For years, my daily attitude, whether conscious or subconscious, was this: God takes my time; He takes my energy and effort; He takes things I like and want, and things I believe I need. God takes my prayers to Him; He wants me to give Him all my thoughts, worries, and deepest sorrow– but all my prayer time feels like a one-way conversation.

No matter the relationship– even if it is with God– if we feel we are the only one giving, giving, giving and talking, talking, talking, never receiving, we quickly, or eventually, redirect our worship.

Practically, we worship what, or who, we believe gives the most to us. We worship what, or who, we believe saves us– from boredom, from emptiness, from our different kinds of hunger and thirst.

Even after I began to know God as real and good, I regularly overlooked or forgot that for the joy set before Him, the Giver endured the cross. That what He took — what He takes from us — is the cross. Our sins. The sins of the world. Jesus set the example of looking forward with hope and joy to enduring that excruciating cross because of the intimate relationship that was to come with us– with me, with you. This is what He looks forward to, what He wants to give you– joy through intimacy.

He created us with deep feelings, and He understands that, even when misdirected, some part of us knows that Love is the only reason worth getting up every morning. He wants us to know He is that passionate, unchanging, beautiful, fulfilling, sustaining, communicating Love. The more we know Him, the more we can accurately and expectantly look forward to what is to come, to the astoundingly good future He has planned for us.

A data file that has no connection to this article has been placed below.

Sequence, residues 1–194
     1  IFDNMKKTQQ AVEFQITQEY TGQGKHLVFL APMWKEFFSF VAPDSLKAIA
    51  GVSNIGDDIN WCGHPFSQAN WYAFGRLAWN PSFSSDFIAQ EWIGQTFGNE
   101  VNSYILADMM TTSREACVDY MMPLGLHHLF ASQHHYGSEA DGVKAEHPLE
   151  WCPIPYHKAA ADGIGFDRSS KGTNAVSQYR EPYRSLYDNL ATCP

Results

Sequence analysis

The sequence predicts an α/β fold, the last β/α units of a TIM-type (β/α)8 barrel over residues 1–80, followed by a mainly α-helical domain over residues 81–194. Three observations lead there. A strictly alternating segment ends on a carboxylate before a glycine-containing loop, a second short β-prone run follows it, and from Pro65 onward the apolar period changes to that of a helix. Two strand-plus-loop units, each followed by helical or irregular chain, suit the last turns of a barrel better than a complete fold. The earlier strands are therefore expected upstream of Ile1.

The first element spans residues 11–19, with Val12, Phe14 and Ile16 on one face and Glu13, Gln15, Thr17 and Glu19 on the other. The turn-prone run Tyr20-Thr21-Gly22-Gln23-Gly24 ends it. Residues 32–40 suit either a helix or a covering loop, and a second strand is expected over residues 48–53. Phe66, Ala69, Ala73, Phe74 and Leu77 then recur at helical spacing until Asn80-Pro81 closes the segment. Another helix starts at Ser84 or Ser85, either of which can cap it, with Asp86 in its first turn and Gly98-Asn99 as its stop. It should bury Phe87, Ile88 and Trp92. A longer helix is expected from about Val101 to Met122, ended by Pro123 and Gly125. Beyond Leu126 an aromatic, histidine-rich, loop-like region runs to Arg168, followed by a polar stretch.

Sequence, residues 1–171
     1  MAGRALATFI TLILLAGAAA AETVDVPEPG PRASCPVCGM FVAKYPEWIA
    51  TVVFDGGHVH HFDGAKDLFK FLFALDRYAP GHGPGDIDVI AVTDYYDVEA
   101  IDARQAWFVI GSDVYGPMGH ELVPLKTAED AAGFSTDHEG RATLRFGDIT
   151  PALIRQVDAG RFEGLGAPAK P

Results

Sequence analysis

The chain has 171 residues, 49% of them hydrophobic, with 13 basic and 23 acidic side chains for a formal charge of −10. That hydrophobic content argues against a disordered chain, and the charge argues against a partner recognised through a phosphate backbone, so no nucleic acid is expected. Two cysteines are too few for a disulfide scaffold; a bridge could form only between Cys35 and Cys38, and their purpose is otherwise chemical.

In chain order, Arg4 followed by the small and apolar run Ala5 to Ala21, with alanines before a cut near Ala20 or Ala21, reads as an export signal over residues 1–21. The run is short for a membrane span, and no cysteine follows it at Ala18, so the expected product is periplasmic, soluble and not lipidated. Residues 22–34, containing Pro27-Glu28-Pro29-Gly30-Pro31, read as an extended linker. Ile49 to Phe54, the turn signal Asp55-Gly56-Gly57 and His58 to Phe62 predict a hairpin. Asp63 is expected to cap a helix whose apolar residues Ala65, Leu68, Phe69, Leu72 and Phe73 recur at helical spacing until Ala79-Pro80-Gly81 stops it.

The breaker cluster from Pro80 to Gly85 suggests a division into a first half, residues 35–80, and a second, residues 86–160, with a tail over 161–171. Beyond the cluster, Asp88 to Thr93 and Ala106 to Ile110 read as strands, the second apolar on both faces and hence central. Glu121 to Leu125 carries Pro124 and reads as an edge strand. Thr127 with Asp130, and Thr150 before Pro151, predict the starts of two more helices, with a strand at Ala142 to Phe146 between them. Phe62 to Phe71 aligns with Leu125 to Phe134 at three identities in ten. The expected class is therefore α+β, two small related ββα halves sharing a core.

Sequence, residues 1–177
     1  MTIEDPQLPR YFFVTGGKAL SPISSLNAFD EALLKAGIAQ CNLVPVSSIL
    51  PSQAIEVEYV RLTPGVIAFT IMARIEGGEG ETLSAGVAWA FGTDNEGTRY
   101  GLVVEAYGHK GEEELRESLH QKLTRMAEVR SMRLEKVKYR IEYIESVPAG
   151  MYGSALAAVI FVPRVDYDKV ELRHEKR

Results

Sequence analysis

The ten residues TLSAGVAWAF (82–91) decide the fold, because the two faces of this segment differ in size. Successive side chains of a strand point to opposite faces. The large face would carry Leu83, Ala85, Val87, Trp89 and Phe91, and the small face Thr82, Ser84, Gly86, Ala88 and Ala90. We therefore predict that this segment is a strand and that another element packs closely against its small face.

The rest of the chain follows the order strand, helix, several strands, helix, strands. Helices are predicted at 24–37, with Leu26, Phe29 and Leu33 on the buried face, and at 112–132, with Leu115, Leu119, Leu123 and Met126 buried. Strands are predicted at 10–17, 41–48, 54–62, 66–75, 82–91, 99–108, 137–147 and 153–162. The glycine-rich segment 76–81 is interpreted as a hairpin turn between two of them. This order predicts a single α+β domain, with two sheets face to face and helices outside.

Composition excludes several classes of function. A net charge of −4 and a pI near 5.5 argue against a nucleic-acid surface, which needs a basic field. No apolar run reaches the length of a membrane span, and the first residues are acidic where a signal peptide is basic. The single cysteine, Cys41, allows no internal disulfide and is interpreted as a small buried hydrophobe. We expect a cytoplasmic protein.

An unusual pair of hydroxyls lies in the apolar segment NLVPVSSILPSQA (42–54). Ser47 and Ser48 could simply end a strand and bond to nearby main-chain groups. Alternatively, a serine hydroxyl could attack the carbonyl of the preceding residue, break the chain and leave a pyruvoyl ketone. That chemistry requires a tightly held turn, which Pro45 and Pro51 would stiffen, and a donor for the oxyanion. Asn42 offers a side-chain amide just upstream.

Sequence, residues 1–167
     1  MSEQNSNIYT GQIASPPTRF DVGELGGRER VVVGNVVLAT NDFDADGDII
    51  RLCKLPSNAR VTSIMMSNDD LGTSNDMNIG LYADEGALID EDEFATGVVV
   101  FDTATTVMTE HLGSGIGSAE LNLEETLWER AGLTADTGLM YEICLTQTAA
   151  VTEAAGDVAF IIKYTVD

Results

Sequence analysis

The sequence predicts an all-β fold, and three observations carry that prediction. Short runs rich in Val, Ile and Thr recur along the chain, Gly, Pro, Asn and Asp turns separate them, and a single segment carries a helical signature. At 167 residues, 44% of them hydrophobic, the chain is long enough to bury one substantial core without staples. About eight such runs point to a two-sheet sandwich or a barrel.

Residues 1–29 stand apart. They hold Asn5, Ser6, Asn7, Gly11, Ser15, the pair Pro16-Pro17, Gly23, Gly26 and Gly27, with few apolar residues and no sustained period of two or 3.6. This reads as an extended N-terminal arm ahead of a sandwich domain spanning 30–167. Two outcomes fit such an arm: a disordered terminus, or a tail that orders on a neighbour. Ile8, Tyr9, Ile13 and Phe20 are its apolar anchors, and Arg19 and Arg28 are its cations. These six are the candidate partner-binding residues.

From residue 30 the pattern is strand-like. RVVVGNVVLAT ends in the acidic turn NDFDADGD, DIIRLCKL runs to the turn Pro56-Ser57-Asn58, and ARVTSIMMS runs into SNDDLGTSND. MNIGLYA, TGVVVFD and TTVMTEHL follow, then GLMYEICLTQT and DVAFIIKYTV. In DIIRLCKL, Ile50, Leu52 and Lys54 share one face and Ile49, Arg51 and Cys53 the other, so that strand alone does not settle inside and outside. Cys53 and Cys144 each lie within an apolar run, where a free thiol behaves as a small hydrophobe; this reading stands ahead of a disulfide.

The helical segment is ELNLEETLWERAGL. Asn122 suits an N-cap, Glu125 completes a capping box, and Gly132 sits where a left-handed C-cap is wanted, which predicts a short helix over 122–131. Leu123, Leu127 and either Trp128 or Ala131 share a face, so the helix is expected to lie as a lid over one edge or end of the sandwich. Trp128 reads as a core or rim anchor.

If we have not experienced God to be a Giver, but view Him as a Taker, we will not go to Him for our every need, with our deepest desires. We will not worship Him with our lives. We won’t know He is the One, the Only One, who truly saves us every day in every way.

And we won’t experientially know, or at the very least remember, that God is this always-good, always-faithful, loving Giver unless we position ourselves, allow ourselves, and/or recognize when we are receiving from Him.

So join me friend, because I could not be more overjoyed to share with you the most awesome gift, the greatest and most humbling surprise God has ever given me: The ability to hear and receive directly from Him.

Dare to let yourself hope, expect, and look forward with joy and childlike faith that this incredible gift of communication with God is offered to you, too. With all His heart, God wants you to experience that He is a Giver.

And what He desires to give you is beyond all you can ask or even imagine.

ListeningPrayer-eBookCover-Final

 

~edited excerpt from my free eBook about listening to God in prayer.

What about you, friend? 

Do you believe that when God orchestrates, or allows, loss, lack, or suffering in our lives that He is still, always, a good Giver? Does how you relate to Him indicate that you practically believe He ultimately takes from you… or that He gives to you?

“The next day John saw Jesus coming toward him and said, ‘Look, the Lamb of God, who takes away the sin of the world!’” ~John 1:29

 

 

 

Linking up with Ann today, and a whole community of amazing people committed to counting all the ways He gives, and gives, and gives…